Of course, we haven't even talked about the real mess a monkey makes in a human house. If you thought that getting a monkey used to doing its needs in a certain place is easy because it's a smart animal, think again. Monkeys live on the trees and move from place to place and therefore, unlike other animals such as a dog or cat, they do not need to avoid leaving their droppings in the place where they live. Toilet training requires a rigorous and lengthy training that goes against the monkey's natural tendency and causes terrible frustration for the monkey and the owner.
Add to this the amazing damage that a monkey causes to a human home - breaking objects, jumping on desks, opening drawers, playing with electricity, and stirring in the sugar vessel - and you will understand that a monkey cannot be kept at home. Very soon the monkey finds itself in a cage too small for its needs, without proper stimulation, bored and socially isolated. A monkey like this will quickly develop abnormal behaviors such as apathy, repetitive movements, compulsive self-biting and more.
All the "pleasure" we have just described is reserved only for starters, because the real trouble with a monkey-kept-as-a-pet begins when he reaches sexual maturity. No longer a sweet little animal looking for warm touch. An adult monkey with strong, sharp teeth will not hesitate to use it against guests he doesn't like, and also against family members in order to strengthen his position in what he sees as the group's hierarchy, . A monkey bite can be dangerous.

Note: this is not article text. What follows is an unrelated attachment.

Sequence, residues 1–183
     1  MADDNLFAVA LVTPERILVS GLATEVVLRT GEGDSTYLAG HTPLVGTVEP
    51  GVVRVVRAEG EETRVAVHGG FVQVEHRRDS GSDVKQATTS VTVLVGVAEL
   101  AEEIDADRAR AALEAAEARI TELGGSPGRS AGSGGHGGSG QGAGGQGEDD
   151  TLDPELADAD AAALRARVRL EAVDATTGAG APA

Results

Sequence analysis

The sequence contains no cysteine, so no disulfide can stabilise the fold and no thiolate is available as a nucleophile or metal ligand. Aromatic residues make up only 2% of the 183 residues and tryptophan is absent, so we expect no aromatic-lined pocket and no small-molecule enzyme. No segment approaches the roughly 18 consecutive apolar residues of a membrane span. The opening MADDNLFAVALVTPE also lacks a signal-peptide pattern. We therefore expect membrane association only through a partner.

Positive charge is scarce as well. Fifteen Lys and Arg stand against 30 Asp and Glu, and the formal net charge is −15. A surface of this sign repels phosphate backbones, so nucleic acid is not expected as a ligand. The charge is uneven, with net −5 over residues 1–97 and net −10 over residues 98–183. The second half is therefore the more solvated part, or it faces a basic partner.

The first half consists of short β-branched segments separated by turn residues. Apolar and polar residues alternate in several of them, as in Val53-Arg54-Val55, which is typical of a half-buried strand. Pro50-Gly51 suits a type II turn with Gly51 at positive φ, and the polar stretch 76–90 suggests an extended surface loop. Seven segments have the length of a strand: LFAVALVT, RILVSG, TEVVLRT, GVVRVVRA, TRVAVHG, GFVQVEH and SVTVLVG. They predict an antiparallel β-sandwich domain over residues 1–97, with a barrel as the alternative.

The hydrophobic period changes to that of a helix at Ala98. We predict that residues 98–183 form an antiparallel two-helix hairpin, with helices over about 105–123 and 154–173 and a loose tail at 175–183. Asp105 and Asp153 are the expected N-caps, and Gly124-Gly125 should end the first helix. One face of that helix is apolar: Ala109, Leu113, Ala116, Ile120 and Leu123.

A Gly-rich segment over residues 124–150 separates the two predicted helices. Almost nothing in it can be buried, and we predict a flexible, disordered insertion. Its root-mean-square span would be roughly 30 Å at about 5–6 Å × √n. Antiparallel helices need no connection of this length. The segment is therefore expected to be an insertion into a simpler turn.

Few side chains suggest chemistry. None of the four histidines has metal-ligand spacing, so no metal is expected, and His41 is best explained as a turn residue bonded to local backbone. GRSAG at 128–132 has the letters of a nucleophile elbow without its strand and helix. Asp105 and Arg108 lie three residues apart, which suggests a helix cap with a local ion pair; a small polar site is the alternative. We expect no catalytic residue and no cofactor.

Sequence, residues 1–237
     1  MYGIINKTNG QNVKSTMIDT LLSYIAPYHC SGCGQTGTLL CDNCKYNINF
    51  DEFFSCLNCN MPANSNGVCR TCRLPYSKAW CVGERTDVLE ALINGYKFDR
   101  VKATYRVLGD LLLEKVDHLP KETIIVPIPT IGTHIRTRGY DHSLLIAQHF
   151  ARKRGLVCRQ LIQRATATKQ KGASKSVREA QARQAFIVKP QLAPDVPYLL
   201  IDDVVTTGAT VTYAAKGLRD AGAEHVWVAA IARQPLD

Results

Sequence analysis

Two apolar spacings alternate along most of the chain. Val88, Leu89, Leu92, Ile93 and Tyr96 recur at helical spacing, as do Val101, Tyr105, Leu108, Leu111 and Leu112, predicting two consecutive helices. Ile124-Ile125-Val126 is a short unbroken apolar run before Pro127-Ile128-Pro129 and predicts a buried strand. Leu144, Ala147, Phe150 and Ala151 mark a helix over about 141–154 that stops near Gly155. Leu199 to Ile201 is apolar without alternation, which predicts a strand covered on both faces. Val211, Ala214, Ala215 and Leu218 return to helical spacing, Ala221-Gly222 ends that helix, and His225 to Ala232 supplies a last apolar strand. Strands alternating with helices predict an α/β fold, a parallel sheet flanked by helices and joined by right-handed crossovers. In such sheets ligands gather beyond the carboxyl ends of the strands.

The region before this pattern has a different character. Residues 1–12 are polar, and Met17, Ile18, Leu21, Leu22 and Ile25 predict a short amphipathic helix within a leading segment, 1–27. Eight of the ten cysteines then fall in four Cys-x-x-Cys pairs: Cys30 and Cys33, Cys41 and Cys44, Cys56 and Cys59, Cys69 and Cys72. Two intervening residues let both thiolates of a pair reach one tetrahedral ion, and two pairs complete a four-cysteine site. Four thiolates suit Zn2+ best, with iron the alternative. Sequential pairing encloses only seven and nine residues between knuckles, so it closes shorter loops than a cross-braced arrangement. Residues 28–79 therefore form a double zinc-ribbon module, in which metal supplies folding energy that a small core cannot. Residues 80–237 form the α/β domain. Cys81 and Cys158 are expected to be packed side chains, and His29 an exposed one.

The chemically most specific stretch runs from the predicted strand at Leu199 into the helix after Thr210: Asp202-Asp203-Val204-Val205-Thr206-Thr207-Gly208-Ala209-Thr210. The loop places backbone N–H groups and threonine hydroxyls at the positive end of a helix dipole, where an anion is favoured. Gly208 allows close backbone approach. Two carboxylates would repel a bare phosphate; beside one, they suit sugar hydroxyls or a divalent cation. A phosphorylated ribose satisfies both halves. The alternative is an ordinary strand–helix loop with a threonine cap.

We once received a monkey in our sanctuary, whom, for reasons reserved with him, did not like men who visited the house and attacked them. Another monkey that used to bite was kept in a small cage, his food was thrown into it, and was not removed from it for months and years for fear of assault. He lay there in his secretions until he was rescued, obviously – mentally broken.
The inability to keep a monkey at home often causes people to try to sell off the monkeys they bought and many monkeys are passed on, with every new owner unaware of what they are getting.
Some of the monkeys come to us when the owners understand the mistake they have made, and hope the monkey will get a good life with other monkeys of his species. Some of the owners, who are blind to the suffering of the monkeys, give up the monkeys when they realize they have broken the law Sometimes good people who are sensitive to animal suffering let us know about imprisoned monkeys in dire straits, and then the Nature and Parks Authority takes action and confiscates them and brings them to us for rehabilitation.
As long as there is a demand for cute monkeys, the trade will continue. Hunters will continue to kill entire troops for some babies, and bruised and sick monkeys will be smuggled to various countries of the world and continue to be a valuable commodity.
Awareness is the name of the game, and here at the Israeli Primate Sanctuary we sincerely hope that the awareness that we spread about the fate to these sensitive animals will prevent animal lovers from purchasing a monkey for themselves, or prompt people to report cases of imprisoned monkeys in serious condition.
In short - why monkeys are not pets: